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Levin Offenders Gain NZQA Qualifications

Levin Offenders Gain NZQA Qualifications

Six community-based offenders in Levin now have NZQA qualifications thanks to an initiative that saw them learning while completing community work.

The offenders completed unit standards over a six week period that saw them learning how to keep food safe and work safely in a commercial kitchen.

Mark Cookson, Corrections’ Levin Service Manager said the training course was a joint effort across several areas of Corrections.

“The training was designed by Corrections’ Offender Employment team and delivered in Levin by a qualified cooking instructor from Manawatu Prison.

“It’s really benefited the offenders to learn while they have been completing their sentences. They now have a qualification and practical knowledge they can use at home or in the food business,” he said.

The course was part of the Work and Living Skills training programme that allows probation officers to direct up to 20 per cent of the sentence of community work (if over 80 hours) to be spent on work and living skills training.

“It’s the first time we’ve run a course like this, and we’re rolling similar training out to Community Corrections sites in Masterton, Feilding and Palmerston North.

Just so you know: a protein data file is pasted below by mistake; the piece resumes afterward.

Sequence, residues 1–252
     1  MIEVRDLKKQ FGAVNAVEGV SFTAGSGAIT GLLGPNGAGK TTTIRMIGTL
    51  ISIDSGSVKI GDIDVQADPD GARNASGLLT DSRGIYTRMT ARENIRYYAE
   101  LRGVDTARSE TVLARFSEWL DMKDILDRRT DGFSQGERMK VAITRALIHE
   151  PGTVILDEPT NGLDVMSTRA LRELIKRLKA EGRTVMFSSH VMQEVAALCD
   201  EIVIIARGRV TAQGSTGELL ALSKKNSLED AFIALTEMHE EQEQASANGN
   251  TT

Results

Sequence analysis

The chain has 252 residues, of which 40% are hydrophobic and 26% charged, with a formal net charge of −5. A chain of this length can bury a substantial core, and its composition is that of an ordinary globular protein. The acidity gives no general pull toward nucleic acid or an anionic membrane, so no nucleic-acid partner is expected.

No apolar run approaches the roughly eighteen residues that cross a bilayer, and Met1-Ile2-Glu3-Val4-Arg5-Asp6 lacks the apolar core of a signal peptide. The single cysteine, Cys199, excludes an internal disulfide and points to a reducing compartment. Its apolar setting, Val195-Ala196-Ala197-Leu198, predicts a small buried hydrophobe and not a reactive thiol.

Levin’s community garden, The Garden of Eden (He Tupu Ngatahi) also played a part in the course: produce in the course came from the garden. A number of offenders serve their community sentence in the garden that is managed by the Anglican Church.

“Reducing re-offending is Corrections’ top priority and by helping offenders to gain skills and qualifications, it could help them gain employment. Research shows that getting a sustainable job can reduce the likelihood of re-offending and help create safer communities,” Mr Cookson said.

Offenders can be sentenced to carry out between 40 and 400 hours of community work. They are encouraged to complete their hours as quickly as possible, and can work up to 10 hours a day, or up to 40 hours in any one week.

Corrections is committed to reducing re-offending by 25% by 2017. Community Corrections manages offenders to hold them to account to comply with their sentences and orders, reduce their likelihood of re-offending, minimise their risk to others, and help them become productive and contributing members of society.

The unit standards undertaken by the offenders were: Practise Food Safety Methods in a Food Business and Apply Safe Working Practices in a Commercial Kitchen.

ENDS

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